Dying wish to procreate


Many wishes are left unfulfilled when a person dies, regardless of the age of the person at time of death.  However, the younger the person, the more wishes there will be.  A life that has not been lived to the fullest will always have unfulfilled dreams.  Nevertheless, there is one dream that medical technology has enabled some people to accomplish.  And that is the ability to procreate.

This is more of an ethical, rather than a health, issue.  Recently, a woman won the right to harvest her dead fiance’s sperm because they had talked about having another child in the future.  He died the very next day.  In another case, a woman won the right to harvest her son’s sperm after he was killed in a fight outside a bar.  She stated that he had expressed a wish to become a father someday.

On the surface, both cases seem innocuous.  However, there are many issues to consider.  Both men talked about having children.  The first one already had a child with his fiancee, the second one did not.  What’s unclear from the stories presented is whether both wanted to be hands-on parents.  If so, harvesting their sperm does no good for anyone except the fiancee and the mother, because neither fathers will be in their children’s lives.  The fiancee wants to carry on a legacy from her fiance.  The mother wants to have grandchildren from her dead son.  Because of technology, children in the future will be conceived well after their fathers have been dead.  I guess it might not be so different from those children already conceived through other sperm donors, but those children remain completely unaware of their fathers.  Whereas, in these two cases, there is someone to tell them about their fathers.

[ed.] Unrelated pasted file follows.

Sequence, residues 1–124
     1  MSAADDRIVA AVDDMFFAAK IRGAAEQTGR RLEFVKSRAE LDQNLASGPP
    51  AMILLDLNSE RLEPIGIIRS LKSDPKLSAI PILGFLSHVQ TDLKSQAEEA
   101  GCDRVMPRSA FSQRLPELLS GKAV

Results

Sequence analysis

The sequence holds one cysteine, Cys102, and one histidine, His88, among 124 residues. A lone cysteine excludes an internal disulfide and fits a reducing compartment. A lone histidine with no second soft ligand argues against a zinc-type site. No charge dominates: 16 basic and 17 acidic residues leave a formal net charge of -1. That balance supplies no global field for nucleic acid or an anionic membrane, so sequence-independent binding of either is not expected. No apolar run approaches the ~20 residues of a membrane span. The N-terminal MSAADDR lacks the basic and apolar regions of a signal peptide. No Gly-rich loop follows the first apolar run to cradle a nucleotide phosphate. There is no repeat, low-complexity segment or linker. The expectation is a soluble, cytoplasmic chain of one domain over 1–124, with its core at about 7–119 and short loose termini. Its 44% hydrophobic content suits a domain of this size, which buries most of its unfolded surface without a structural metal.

The fiancee, whenever she is ready, can conceive her child.  But since she is a single mother, will she need welfare support?  What if she meets another man before she is impregnated, what dilemma will she face then?  How will the mother find a woman to carry her dead son’s children?  Procreation becomes a very cold act.  Who will raise the child, the mother or grandmother?  Will she get welfare as well?

Although talk has generally been for harvesting sperm, the equal rights movement would not leave it there.  Soon, there will be egg harvesting for a future surrogate mother.  That might not be as successful unless the woman leaves behind a husband or fiance who desires children with said woman.  After all, a surrogate mother might not like carrying an unknown woman’s egg that has to be artificially inseminated by some stranger unknown to herself or to the dead woman.

We have created an artificial world where dead men can become fathers just because they had expressed a wish to be one.  What we don’t seem to care about is that the dead man is not around to be a real father, just a sperm donor.  So, if a man fails to become a father in his lifetime, he could still have someone close to him harvest his sperm for the future.

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